Two research projects of the National Research Programme “Resource Wood” have developed new processes to replace petroleum with wood for the production of important chemicals. These precursors are used in the manufacture of pharmaceuticals, plastics or fertilisers.
Petroleum means fuel, but not only: petrochemicals are a core ingredient of the chemical industry. Without oil, there would be no plastics and few pharmaceuticals or fertilisers. Finding a renewable resource as an alternative to oil will be crucial to face the foreseeable decline in oil extraction.
Two research projects of the National Research Programme “Resource Wood” (NRP 66) have made significant advances towards replacing oil with biomass derived from plants, in particular from wood. Their goals are complementary, as each one uses one of the two main constituents of wood: cellulose and lignin. These are the two most common organic components on Earth and, importantly, are renewable.
Sviatlana Siankevich of EPFL has designed new catalytic processes to efficiently transform cellulose into hydroxymethylfurfural (HMF), a very important precursor for the production of plastics, fertilisers or biofuels.(*) Inspired by the action of fungi degrading rotting wood, the team of Philippe Corvini at FHNW in Muttenz (BL) has selected enzymes capable of cutting lignin into aromatic compounds useful for making solvents, pesticides, plastics such as polystyrenes as well as active pharmaceutical ingredients.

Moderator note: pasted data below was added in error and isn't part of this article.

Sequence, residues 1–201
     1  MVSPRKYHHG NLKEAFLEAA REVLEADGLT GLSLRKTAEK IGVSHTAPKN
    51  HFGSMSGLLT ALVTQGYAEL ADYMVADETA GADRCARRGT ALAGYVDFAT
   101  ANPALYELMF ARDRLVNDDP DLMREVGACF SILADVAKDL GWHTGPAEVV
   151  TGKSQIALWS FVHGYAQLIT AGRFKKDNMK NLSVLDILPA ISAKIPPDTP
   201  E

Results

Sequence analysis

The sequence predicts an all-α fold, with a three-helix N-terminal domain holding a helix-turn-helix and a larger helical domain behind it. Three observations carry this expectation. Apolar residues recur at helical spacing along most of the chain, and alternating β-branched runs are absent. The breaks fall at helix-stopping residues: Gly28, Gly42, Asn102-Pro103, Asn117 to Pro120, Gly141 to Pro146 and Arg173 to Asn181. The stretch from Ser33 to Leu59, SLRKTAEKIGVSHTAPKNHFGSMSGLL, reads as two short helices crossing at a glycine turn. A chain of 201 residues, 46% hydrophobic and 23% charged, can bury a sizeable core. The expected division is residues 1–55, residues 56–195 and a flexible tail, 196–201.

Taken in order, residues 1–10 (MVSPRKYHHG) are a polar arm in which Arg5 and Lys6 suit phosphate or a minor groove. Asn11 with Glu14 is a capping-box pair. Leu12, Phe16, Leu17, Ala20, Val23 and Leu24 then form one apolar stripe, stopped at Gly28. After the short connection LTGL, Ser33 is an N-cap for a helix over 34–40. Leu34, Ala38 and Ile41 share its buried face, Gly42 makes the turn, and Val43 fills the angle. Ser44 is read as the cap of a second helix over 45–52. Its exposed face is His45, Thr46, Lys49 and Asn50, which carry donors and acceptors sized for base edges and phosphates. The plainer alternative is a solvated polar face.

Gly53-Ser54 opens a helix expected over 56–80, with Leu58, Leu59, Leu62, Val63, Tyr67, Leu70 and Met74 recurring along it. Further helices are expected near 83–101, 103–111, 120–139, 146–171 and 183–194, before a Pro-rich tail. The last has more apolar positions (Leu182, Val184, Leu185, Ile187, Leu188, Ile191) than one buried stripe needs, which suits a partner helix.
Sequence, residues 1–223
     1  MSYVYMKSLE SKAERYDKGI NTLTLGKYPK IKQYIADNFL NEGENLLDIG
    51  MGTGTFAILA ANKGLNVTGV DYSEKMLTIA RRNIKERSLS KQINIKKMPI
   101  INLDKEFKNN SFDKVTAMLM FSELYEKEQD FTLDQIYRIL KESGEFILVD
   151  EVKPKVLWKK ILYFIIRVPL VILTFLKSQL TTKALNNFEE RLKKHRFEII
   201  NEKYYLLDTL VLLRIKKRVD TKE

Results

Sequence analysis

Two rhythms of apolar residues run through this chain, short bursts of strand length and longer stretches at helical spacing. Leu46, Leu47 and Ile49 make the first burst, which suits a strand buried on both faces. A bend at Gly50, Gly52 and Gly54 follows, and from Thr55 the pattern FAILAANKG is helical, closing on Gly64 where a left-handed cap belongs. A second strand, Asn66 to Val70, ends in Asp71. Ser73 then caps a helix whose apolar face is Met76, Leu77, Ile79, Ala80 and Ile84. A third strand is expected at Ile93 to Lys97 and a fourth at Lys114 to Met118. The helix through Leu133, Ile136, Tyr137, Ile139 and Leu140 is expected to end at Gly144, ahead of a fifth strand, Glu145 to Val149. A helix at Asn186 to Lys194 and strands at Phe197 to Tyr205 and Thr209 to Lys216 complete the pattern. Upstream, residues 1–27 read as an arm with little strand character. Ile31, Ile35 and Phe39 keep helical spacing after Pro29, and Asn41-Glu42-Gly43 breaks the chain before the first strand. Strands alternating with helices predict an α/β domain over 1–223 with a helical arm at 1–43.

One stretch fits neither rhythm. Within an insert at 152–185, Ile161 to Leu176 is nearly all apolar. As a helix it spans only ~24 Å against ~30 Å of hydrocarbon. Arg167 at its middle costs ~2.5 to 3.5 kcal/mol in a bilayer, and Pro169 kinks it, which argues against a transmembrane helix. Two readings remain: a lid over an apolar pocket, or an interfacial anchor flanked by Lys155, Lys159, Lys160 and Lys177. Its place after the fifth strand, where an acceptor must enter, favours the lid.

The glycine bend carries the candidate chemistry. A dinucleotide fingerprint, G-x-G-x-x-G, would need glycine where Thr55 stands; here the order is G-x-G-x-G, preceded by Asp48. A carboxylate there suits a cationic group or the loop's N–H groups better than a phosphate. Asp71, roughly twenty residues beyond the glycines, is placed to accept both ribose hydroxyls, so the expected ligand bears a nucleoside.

Chemicals instead of paper
Cellulose is a long chain of carbohydrate (sugar) molecules and accounts for about two-thirds of wood’s weight. “It is mainly used for paper production, and the residuals could be better valorised by being transformed into useful chemicals,” says Sviatlana Siankevich of EPFL’s Institute of Chemical Sciences and Engineering. With colleagues from Queen’s University in Canada and the National University of Singapore, the EPFL team led by chemist Paul Dyson synthesised several types of ionic liquids (molten salts) to convert cellulose into HMF, an important molecule for the production of commodity chemicals. In a single step, their reaction reached a 62% yield, a new record.
“Our procedure operates at mild conditions, that is, without very high temperatures or pressure or strong acids”, says Siankevich. “We’ve also been able to reduce the amount of undesired by-products, an important point if the reaction is to be scaled up for industrial processes. Our process can work with wood, but it’s often easier to use cellulose extracted from herbaceous plants.”